Teddy Cruz: I’m Teddy Cruz. I’m an architect and visual artist.
Fonna Forman: I’m Fonna Forman. I’m a political theorist and I teach at the University of California, San Diego.
Teddy Cruz: You’re looking at a model of the Manufactured Sites project we developed in the border region between Tijuana and San Diego
Fonna Forman: These two cities sit side by side but are divided by an international border. New arrivals are traveling north from Central America, seeking access to the US, but being denied entry, which has created a housing crisis. So people in Tijuana are building their houses out of materials that they find around them, recycled tires or recycled garage doors or construction debris.
Teddy Cruz: And in order to organize that waste, we have been working with factories to provide prefabricated metal frames, to support that recycling of waste. So that’s the reason in the model, you see green and yellow metal frames, and some of them have these sort of A-shape as well.
Fonna Forman: Migrants generally settle in very steep canyon hillsides, which are susceptible to landslides every time it rains. And so what the factory parts do is stabilize the houses.
Teddy Cruz: Obviously there is formal architecture, which is being designed deliberately by architects. What we call “informal organization,” is architecture that is built by people with their own resources and their own creative intelligence.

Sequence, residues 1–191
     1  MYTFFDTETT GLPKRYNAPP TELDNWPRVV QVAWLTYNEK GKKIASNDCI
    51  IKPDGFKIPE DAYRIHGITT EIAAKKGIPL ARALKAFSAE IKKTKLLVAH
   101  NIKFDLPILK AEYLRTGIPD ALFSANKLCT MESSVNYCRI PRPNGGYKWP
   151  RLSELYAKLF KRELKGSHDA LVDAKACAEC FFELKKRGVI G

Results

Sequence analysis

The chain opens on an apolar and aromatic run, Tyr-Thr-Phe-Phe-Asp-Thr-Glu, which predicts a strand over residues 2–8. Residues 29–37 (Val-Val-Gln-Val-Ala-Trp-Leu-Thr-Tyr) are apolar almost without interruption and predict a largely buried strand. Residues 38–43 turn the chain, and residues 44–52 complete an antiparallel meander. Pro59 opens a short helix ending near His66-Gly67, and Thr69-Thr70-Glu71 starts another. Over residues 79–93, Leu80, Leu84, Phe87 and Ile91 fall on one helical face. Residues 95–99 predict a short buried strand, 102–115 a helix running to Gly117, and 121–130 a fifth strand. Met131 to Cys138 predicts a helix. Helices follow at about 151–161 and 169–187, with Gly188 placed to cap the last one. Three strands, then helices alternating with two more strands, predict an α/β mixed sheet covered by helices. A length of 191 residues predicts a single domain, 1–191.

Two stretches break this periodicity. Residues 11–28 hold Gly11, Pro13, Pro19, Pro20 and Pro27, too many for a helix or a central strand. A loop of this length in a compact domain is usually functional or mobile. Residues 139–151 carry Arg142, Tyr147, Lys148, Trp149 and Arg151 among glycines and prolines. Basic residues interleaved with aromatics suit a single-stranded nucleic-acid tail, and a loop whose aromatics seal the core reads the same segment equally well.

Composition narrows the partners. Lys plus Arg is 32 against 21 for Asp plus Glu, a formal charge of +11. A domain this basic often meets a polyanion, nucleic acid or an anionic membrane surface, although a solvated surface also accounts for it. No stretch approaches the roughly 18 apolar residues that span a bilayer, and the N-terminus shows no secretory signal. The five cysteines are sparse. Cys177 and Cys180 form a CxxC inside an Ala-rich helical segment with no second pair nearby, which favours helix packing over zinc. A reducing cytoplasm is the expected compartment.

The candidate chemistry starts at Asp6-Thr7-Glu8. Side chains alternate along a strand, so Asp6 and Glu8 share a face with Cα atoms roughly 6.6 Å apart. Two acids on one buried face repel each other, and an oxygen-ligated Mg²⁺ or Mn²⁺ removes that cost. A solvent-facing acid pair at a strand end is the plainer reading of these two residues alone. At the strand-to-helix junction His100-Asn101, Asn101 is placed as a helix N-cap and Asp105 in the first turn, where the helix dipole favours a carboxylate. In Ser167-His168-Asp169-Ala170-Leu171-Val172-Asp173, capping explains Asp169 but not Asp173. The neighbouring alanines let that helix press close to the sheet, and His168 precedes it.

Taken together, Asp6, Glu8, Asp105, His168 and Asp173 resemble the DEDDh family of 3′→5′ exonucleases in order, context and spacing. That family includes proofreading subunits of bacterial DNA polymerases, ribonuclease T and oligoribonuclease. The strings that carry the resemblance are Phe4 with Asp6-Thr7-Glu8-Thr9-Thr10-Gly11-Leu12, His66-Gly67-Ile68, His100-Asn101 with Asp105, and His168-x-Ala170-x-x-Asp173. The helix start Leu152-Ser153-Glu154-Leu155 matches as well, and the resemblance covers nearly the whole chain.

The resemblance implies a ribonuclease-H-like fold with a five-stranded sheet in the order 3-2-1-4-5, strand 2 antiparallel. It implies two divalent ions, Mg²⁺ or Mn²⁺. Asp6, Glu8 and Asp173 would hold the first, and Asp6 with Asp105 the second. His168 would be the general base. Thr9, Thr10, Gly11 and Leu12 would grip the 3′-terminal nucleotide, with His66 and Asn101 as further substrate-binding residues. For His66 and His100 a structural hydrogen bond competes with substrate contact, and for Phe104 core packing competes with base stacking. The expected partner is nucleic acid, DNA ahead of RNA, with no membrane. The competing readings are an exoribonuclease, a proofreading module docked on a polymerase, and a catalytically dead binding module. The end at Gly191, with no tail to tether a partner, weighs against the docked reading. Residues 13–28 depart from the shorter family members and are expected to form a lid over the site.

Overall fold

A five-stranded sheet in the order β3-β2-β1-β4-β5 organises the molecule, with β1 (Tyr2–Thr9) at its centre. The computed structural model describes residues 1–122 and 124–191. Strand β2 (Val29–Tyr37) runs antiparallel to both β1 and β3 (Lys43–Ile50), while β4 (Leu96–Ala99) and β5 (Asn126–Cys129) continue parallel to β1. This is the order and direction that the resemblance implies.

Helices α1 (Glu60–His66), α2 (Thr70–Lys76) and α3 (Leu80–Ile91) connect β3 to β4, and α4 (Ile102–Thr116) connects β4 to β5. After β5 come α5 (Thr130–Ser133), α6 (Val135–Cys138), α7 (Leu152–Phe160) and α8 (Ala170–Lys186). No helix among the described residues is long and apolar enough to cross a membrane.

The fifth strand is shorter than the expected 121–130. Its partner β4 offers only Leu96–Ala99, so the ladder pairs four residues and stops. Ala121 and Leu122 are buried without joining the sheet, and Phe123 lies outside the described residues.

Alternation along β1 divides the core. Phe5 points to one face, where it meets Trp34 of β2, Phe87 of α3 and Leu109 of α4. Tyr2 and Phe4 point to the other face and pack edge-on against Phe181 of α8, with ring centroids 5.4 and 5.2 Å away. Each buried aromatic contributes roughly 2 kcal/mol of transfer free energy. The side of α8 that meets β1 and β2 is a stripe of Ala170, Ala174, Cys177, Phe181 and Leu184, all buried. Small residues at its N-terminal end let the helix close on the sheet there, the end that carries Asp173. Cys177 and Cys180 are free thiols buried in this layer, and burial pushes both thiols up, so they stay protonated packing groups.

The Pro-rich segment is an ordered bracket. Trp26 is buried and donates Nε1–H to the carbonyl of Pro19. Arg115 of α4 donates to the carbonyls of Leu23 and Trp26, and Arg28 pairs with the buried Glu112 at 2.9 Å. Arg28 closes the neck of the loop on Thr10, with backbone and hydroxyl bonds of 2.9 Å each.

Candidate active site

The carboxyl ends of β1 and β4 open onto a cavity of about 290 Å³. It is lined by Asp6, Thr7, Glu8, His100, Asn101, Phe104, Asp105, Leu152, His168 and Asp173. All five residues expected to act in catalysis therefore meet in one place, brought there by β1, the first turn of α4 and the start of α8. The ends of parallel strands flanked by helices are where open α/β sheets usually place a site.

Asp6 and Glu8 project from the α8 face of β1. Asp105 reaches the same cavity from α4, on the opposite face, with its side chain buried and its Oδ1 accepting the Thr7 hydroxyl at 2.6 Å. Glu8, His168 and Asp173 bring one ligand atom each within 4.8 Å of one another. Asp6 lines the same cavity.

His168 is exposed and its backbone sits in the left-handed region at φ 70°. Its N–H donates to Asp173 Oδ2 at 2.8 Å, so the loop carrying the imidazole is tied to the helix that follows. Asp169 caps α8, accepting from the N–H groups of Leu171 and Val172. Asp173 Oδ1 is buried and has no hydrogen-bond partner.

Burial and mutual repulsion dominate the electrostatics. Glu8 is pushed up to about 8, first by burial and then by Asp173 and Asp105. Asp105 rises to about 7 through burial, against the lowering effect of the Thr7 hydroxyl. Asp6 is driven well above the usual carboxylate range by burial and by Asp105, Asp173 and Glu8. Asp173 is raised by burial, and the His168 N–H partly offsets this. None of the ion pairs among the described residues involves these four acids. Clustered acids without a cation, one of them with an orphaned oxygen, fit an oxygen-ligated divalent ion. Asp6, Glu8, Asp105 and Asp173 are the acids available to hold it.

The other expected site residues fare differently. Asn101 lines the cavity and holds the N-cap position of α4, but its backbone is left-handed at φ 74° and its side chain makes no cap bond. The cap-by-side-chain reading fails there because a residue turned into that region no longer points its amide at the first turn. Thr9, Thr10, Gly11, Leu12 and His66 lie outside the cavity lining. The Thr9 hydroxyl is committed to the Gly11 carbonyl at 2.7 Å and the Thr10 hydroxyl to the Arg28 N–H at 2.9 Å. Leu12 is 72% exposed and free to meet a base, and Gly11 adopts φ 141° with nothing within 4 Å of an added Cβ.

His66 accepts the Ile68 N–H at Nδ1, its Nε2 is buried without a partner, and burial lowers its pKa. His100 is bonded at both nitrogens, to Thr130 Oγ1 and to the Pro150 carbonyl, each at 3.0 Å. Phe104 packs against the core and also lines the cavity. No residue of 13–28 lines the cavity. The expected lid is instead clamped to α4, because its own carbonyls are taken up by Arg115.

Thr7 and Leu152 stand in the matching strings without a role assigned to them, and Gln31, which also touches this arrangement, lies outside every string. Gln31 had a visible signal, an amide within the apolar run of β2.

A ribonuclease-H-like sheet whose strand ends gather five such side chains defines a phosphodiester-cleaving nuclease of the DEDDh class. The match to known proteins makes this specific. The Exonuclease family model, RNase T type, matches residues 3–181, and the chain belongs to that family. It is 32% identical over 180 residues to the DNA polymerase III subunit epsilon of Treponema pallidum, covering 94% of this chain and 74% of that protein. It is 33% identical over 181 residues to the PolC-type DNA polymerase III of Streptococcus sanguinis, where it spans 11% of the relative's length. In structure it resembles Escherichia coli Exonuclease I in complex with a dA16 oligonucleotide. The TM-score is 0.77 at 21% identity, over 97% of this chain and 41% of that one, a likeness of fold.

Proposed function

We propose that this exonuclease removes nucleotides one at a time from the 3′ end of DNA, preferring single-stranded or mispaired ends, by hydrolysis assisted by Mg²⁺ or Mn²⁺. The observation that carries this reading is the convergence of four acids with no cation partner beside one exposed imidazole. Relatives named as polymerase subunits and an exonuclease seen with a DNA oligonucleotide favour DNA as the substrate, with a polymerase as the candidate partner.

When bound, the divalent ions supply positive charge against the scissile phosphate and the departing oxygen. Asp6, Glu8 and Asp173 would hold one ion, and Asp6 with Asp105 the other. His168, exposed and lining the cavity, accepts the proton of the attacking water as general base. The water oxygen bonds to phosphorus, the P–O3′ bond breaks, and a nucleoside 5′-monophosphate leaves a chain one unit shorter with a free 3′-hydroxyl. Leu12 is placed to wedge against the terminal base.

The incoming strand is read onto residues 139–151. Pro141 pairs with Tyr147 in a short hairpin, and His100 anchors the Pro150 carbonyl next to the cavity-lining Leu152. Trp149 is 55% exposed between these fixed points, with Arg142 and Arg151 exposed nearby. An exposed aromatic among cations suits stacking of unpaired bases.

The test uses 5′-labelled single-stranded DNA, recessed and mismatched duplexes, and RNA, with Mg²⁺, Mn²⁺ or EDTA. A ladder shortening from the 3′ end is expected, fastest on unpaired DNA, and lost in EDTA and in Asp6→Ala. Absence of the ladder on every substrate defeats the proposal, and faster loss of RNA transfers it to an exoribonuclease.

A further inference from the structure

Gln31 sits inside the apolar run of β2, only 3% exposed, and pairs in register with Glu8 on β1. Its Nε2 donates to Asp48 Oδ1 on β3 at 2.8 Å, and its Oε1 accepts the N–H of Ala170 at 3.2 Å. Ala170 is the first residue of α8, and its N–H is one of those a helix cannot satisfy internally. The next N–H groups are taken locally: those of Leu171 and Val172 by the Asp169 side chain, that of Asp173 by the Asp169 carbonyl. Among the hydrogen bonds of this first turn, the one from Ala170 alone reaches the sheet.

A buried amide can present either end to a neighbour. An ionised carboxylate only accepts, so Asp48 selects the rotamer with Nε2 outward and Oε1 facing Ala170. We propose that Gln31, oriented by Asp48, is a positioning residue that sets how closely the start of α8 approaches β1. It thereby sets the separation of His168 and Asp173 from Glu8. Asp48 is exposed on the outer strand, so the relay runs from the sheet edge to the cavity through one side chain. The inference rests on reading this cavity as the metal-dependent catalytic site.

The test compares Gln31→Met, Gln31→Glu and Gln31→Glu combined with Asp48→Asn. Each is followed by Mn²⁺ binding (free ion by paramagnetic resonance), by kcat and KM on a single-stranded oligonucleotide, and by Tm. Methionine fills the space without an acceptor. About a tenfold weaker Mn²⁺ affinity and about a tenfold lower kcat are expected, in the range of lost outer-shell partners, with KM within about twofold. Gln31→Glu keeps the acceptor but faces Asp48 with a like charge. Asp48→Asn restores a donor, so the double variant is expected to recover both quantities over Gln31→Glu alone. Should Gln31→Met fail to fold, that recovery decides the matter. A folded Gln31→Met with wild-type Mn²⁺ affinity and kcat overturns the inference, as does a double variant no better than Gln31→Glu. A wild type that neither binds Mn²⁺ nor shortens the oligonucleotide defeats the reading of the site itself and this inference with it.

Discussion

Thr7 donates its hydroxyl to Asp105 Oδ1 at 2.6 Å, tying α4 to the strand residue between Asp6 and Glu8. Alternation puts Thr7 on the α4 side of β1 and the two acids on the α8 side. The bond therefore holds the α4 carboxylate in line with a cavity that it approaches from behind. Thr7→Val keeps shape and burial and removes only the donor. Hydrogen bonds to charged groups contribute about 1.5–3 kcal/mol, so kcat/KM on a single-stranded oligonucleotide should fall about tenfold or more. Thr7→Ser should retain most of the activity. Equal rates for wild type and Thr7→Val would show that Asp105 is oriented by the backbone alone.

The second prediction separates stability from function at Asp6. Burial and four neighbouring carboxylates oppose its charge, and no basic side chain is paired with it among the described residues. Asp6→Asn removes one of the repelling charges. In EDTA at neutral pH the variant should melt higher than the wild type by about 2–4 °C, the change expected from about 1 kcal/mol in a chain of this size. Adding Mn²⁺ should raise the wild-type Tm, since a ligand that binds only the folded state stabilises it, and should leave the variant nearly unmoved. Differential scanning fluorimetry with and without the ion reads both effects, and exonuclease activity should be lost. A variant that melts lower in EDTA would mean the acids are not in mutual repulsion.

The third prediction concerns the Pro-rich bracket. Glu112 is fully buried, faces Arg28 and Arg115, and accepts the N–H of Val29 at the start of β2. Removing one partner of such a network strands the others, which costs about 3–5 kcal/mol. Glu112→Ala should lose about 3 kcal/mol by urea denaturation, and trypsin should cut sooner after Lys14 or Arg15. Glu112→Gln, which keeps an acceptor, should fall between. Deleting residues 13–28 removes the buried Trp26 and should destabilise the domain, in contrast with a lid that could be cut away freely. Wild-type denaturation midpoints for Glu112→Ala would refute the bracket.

Fonna Forman: In the formal system, this kind of informal assemblage is understood as a symbol of poverty, what we don’t want our cities to look like. But Teddy and I have found incredible resilience and creativity in these building practices.
One of the things that really differentiates our project is we're not descending down and building houses for migrants. What we’ve been trying to do is demonstrate a way of collaborating, where the capacities of the migrants themselves are an important part of the equation.
Teddy Cruz: We cannot leave institutions off the hook. We need to make those institutions accountable. Industry, civic, philanthropy, cultural institutions, universities—they need to redistribute their own resources in order to support that creative intelligence from below.